California and Recreational Marijuana

california

Last November, citizens in California voted to legalize recreational marijuana, making the golden state the 5th state to officially legalize the drug.   California was the first state to legalize medical cannabis in 1996, and many think the legalization of recreational marijuana by California will cause other states to follow suit.  California is the most populous state and could potentially have the largest legal marijuana market ever.  The law will go into effect January 1st, 2018 and cities like LA and San Diego have hopefuls preparing to open up shops, but not without a host of issues that come along with new legislation.

With the largest marijuana market, comes a whole lot of red tape and laws and regulations that need to be followed in order to have a successful operation.  Including the fact that marijuana is still illegal at the federal level.  California wants to cover all their bases in regards to regulating the entire process- from seed to plant to shop.  But, they are scrambling to make sure that all the procedures and paperwork are in place before the January 1st deadline.  California plans to streamline the regulations on the medical marijuana and recreational marijuana markets which means both adding onto existing regulations and creating new regulations to govern both markets the same way.  The rules for shop owners are simple enough: you need a license from the state, selling hours apply, proper security measures must be in place, and the shop needs to properly keep their records.  California is currently giving out temporary licenses.  The state wants prospective shop owners to apply for the licenses now in order to make sure that come January 1st, they can start approving them to get the ball rolling and start selling.  But, the proposed regulations haven’t been been approved yet and there’s less than 2 months to go.

The biggest challenge for California’s legal marijuana market may be the stiff competition that comes from the black market dealers.  California already has a well established black market for marijuana.  This means that the legal markets will have tough competition from low level street sellers and those who have already established a customer base.  Opening a shop will cost you; just applying for a license in Illinois is around $60,000.  This most likely means that the people selling on the black market, probably won’t be applying for a license to open a dispensary and will continue to sell the way they are.

It doesn’t help that California plans to implement a tax rate of up to 45% on recreational marijuana.  This will make the legal weed more expensive than the illegal stuff and business would be drawn away from the dispensaries.  According to LA daily news, a bag of marijuana that costs $35 could now cost anywhere from $50-$60 with taxes.  The growers will also be taxed at $44 a pound for what they sell.  The state also has to worry about keeping up with supply and demand.  Marijuana will be a hot commodity once the markets open and this means that the state has to make sure that enough legal marijuana will be available to those who want to purchase it. But, they can’t start selling until the regulations are in place and licenses are issued, which means California won’t make any money until then.  A shortage of legal marijuana, like the one Nevada experienced this summer, could allow the illegal market to flourish once again.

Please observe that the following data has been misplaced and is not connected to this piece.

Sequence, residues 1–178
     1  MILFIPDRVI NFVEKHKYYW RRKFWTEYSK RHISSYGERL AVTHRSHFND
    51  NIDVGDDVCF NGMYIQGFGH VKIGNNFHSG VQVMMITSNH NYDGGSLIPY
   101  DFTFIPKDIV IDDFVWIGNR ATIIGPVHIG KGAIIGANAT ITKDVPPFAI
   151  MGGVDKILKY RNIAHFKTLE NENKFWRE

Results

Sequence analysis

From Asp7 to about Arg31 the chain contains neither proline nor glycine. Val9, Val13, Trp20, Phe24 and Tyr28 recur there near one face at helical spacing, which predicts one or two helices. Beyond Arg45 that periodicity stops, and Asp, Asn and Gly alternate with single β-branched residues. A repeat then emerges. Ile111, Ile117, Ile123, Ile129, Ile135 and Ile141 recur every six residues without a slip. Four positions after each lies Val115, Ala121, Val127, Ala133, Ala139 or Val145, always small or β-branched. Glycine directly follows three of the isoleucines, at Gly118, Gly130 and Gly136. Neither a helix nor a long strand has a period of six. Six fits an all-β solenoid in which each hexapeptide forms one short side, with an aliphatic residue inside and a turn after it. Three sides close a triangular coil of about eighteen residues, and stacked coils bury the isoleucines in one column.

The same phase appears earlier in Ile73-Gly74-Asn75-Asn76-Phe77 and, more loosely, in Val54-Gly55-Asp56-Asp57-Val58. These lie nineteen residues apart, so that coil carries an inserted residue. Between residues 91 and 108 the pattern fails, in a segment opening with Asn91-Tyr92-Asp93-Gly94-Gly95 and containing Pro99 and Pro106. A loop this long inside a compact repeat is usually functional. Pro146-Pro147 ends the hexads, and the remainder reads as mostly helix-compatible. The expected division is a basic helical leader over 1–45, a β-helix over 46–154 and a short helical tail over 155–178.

But with the legalization comes other issues like public smoking and keeping people from driving under the influence.  California says that they plan on doing testing to find out the legal limit for marijuana use and driving impairment as well as protocols for testing the blood of drivers that are suspected of driving while high.  Marijuana will be treated in a similar way to alcohol; drivers can still carry marijuana in their car as long as the bag is sealed and the amount is under weight restrictions. Smoking in public will carry a $100 fine and is not allowed within 1,000 feet of schools or playgrounds or within 250 feet of an entrance (Mercury News).

Even with all the complications the legalization is set to bring up to $50 million in tax revenue for Los Angeles alone and $658 million across the state in the first year.  It’s no wonder that Illinois wants to solve the current debt struggle the same way.   California has long been a pioneer for marijuana reform.  Which, could mean that within the next few years we could see many states follow in the same footsteps and legalize recreational marijuana.  Illinois lawmakers plan on bringing recreational marijuana to a vote in congress in 2018.  Here at Lauralaw, we will stay up to date on any current marijuana law passages so make sure to stay tuned to our blog.

 


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